Here’s a wonderful historical post by Olga Luz Tirado, executive director of The Bronx Tourism Council on US Presidents who visited The Bronx. Our borough has a rich presidential history that you may not be aware of!
17 U.S. PRESIDENTS WHO VISITED THE BRONX
By Olga Luz Tirado
On February 12th we celebrate Abraham Lincoln’s birthday and a week later on the 19th George Washington’s. Both presidents have some tie (albeit a little bit of a stretch for Lincoln) to The Bronx. We decided to ask some of our favorite Bronx-centric folks, historians, and tour guides and counted 17 presidents who had visited The Bronx.
Not only was General GEORGE WASHINGTON the first President of the United States, he was also the first Commander in Chief of the Continental Army. It was in this capacity that he visited Van Cortlandt House, first in October of 1776, according to Laura Myers, the Van Cortlandt House Museum’s Executive Director. Washington’s final documented visit to Van Cortlandt House took place in November of 1783 when he and his entourage stopped overnight on their way in to Manhattan to take possession of the island back from the defeated British Army. This was a considerably more festive occasion than his first visit.
Traveling south on Boston Post Road from his estate in Massachusetts to Pennsylvania, President JOHN ADAMS learned that a yellow fever epidemic had broken out in Philadelphia, which was then the temporary site of the nation’s capital. Angel Hernandez of the Bronx County Historical Society, tells us that Adams decided to stay at the farmhouse of his daughter and son-in-law, Abigail and Col. William Smith. The property was located in the area we now know as Conner Street and Boston Road. The 2nd U.S. President corresponded with officials, governing the country. Thus, for two weeks in October 1797, the center for the executive branch of the U.S. government was in The Bronx. Today car dealerships and auto repair shops occupy this historic site.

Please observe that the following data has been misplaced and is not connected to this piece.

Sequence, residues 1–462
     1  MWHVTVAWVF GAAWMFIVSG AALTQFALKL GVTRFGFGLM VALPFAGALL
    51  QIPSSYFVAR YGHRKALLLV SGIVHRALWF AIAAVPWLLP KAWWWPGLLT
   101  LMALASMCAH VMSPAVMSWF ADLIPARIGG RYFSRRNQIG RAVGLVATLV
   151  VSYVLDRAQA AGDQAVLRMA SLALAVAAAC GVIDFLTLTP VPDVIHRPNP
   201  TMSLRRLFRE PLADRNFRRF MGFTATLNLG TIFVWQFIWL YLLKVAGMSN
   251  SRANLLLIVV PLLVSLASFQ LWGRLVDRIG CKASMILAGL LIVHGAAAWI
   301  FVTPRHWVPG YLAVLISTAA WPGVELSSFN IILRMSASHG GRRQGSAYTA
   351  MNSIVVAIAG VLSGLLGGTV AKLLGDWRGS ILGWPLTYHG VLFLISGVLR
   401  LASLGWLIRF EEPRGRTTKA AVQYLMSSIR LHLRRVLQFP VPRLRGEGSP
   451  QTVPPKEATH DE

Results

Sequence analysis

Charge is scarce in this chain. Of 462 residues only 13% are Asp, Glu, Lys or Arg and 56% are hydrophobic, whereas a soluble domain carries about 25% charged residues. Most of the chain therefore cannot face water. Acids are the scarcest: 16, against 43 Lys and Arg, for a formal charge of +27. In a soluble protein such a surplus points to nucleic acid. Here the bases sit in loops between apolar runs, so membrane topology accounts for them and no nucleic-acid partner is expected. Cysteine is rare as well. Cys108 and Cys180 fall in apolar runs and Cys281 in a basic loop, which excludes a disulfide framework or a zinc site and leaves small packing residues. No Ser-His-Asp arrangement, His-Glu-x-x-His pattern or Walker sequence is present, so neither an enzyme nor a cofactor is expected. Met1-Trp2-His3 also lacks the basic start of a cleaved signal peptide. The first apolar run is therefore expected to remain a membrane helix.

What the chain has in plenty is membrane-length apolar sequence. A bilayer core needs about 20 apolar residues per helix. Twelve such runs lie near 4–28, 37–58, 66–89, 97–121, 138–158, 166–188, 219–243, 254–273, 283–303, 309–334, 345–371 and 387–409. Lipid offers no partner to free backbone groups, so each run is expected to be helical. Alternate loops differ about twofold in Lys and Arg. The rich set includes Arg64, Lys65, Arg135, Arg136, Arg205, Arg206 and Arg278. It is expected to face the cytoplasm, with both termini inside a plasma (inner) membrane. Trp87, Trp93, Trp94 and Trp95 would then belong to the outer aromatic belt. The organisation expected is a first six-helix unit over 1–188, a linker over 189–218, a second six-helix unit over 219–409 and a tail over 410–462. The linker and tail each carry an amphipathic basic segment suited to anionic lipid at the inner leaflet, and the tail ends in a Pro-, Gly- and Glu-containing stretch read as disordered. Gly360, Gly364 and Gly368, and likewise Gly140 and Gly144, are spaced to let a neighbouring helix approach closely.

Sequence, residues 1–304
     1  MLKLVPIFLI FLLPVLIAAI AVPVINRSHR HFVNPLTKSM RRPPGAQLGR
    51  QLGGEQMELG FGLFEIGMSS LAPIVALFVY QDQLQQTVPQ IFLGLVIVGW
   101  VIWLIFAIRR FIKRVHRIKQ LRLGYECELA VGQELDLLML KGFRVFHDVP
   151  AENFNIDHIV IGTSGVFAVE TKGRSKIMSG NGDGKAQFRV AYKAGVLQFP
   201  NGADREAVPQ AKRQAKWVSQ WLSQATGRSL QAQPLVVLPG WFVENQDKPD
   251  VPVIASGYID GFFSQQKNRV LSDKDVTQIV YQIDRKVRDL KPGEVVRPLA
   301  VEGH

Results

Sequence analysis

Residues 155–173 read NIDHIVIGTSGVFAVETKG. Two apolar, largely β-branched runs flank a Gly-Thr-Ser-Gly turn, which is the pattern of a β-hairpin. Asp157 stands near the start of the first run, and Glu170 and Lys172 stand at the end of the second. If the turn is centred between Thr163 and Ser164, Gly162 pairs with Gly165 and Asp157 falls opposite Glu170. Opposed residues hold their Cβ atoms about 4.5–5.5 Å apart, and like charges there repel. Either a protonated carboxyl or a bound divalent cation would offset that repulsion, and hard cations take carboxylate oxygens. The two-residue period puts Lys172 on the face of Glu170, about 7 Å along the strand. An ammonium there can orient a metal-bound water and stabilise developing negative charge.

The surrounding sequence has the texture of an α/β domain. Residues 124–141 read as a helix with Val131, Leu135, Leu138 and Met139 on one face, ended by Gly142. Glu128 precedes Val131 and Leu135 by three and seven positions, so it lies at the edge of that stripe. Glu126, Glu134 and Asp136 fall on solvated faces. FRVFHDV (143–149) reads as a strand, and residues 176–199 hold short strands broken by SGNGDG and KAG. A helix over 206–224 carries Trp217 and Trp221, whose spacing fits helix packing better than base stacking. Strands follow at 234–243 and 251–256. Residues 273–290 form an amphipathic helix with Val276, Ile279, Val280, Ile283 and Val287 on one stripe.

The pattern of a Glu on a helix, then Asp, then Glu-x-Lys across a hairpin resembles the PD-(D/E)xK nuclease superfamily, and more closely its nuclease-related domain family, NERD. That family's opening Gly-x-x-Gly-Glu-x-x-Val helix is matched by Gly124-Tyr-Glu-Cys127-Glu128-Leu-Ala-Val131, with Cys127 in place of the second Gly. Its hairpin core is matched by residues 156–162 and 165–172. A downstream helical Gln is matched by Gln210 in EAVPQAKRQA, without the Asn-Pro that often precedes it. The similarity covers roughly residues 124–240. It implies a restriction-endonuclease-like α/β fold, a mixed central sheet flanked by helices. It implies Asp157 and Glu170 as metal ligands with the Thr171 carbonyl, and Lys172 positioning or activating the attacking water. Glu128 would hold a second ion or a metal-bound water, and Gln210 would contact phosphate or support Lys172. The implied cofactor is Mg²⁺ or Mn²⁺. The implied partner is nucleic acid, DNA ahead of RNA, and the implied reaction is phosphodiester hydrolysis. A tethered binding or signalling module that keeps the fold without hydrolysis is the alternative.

There is no evidence that the 16th President ABRAHAM LINCOLN visited The Bronx, but the Lincoln Memorial located in Washington, D.C. has roots in the borough. Sculpted by a family of renowned marble carvers who emigrated from Italy to The Bronx, the Piccirilli brothers played a role in the design and development of the impressive sculpture.
On October 1, 1870, the 18th President of the United States, ULYSSES S. GRANT, visitedThe Woodlawn Cemetery. Grant, a hero of the Civil War, was among the distinguished guests who rode the funeral train that transported United States Navy Admiral David Glasgow Farragut’s remains to his final resting spot. Some Bronx historians have rumored that it was one of the largest funeral processions of that time.
Jacob Lorillard was a very wealthy leather merchant and owned land in the Belmont section of The Bronx, according to Susan Birnbaum of Susan Sez Walkabouts. As the land was being developed he needed to designate streets with names. Of course, Lorillard Place was a given, but his niece, Catharine Lorillard Wolfe, was a big fan of CHESTER A. ARTHUR, so she implored her uncle to name one of the streets Arthur Avenue after the 21st president. Today Arthur Avenue is synonymous with “the real little Italy” and was named Best Street in America by the American Planning Association in 2016.
A very curious twelve-year-old known as TR or “Teedie” among his family members, was already a young naturalist and taxidermist, collecting specimens for his own “natural history museum” when they summered at Wave Hill, according to a historian there. He would pay children from the neighborhood to bring him interesting specimens and when he wasn’t on the premises, one of his sisters had to accept the offerings, something she didn’t particularly enjoy. Little TR, or THEODORE “TEDDY” ROOSEVELT grew up to first become Governor of New York State then the 26th President of the United States of America.